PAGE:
Here Are Your Top Ten Controllers of All Time

[Cover image designed by Marshall Bock]


These are the results from last week’s reader poll of the best first-party controllers of all time.


#10 – Genesis / Mega Drive 6-button controller

In addition to being one of the first control pads with rounded grips rather than the hard right angles of most controllers up to that point, the six face buttons made this controller one of the best of its era for fighting games and other arcade ports. One of the first times in console history that a mid-generation controller redesign became the new default controller for a platform.


#9 – Wii Remote and Nunchuk

It was likely more due to the simplicity of this controller combo that it made this list than its motion capabilities, although when motion controls were well-implemented–like with light gun games–it could be very special indeed. The fact that the “Wii-mote” was essentially just an NES controller turned vertical and the nunchuk is basically the middle prong of an N64 controller was a brilliant dose of sly nostalgia.


#8 – PlayStation 2 DualShock 2

Sony took an “if it ain’t broke, don’t fix it” approach to its Dual Shock successor, leaving the look and layout identical to the original but adding pressure-sensitive analog face buttons, sturdier analog sticks, and a sleek black finish. They were apparently so proud of it that the PS3 controller is basically indistinguishable from it visually.


#7 – PlayStation 4 DualShock 4

The fourth iteration in the DualShock line kept the original design largely intact, only spaced out to make room for its new touch pad (which can also be clicked in, adding yet another “button”). Not pictured is the light bar on the top of the controller that changes color to help differentiate players or serve other unique game-specific functions.


#6 – Nintendo 64 Controller

People were initially confused by the N64 controller’s three-pronged design until they realized that it smartly allowed users to hold the controller different ways depending on the type of game they were playing. It was also one of the first consoles to launch with an analog stick on its controller, something that has been the norm ever since.


#5 – NES Controller

Striking a perfect balance between the simplistic joystick and single button of the Atari 2600 and the overly complicated keyboard-like controllers of the Intellivision and ColecoVision, the NES controller also introduced the world to the “d-pad,” which controllers continue to have in some form to this day.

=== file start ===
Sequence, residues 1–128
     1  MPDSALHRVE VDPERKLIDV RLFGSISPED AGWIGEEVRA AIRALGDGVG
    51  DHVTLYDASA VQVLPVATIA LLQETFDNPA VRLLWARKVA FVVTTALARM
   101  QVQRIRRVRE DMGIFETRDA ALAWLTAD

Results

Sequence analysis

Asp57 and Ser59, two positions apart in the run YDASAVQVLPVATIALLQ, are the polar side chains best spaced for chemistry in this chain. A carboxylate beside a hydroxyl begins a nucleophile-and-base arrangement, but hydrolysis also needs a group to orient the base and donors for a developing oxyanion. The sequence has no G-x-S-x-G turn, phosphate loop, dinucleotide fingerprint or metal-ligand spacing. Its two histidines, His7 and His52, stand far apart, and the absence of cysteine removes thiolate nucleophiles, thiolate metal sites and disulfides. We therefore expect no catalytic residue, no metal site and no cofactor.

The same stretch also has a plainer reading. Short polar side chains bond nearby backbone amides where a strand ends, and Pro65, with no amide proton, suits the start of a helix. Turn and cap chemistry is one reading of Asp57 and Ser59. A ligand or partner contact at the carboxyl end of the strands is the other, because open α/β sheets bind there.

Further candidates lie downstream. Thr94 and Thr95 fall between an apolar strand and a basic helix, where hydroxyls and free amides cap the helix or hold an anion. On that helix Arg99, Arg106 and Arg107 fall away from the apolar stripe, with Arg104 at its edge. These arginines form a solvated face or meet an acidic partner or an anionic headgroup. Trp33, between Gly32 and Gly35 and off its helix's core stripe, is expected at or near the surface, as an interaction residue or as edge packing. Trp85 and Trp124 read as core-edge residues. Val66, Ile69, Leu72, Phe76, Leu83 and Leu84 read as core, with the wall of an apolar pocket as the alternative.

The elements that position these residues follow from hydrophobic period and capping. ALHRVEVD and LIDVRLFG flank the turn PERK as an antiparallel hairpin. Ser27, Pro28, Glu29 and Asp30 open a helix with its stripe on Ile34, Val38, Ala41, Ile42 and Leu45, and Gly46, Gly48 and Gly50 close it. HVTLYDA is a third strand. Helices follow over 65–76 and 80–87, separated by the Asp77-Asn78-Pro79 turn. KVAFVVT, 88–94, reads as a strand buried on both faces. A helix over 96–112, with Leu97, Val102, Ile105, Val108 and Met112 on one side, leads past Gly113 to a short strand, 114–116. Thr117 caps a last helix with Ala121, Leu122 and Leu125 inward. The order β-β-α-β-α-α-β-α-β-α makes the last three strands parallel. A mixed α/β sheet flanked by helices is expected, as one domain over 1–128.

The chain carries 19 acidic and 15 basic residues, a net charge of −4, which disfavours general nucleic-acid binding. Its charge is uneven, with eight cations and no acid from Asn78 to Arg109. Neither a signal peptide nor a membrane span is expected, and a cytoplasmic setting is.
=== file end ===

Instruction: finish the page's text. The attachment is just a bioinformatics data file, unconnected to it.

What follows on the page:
#4 – PlayStation DualShock

Arguably the most significant first-party controller redesign in video game history, adding not only one but two analog sticks to the original PS1 controller made controlling 3D games as viable on consoles as on PC for the first time ever. It’s hard to say why it ranked above all of its improved-upon successors other than the nostalgia people have for the many amazing games they played with it.


#3 – Xbox 360 Controller

It’s not terribly different than a DualShock, except in the two ways that mater most: wisely swapping the left analog stick with the control pad, and filling out the handles in order to better fit larger Western hands. Having two triggers and two “bumpers” also feels more versatile than the DualShock’s four shoulder buttons. Perhaps most crucially, the guide button was also a major revolution and has been copied by every console controller ever since.


#2 – GameCube Controller

Essentially taking the N64 controller to its logical and more streamlined conclusion, the GameCube controller was one of the last traditional console controllers to still have a bit of personality while Sony and Microsoft battled to have the most utilitarian controllers possible. It wasn’t perfect for every type of game, but like any good Nintendo controller, it made controlling first-party games a Zen-like experience.


#1 – Super NES Controller

While it seems to have two less buttons than its (redesigned) Sega counterpart, those lost buttons were actually moved to the top of the pad, introducing the world to the concept of the “shoulder button.” Keeping the number of buttons you need to use your thumb for to a manageable four while moving the remaining ones to the top to be pressed by your unused index fingers was one of the biggest revolutions in controller history, with most console controllers only having four face action buttons to this day. Of course, like with the DualShock, people probably just love this controller because, well, they used it to play the SNES library. What else is there to say, really?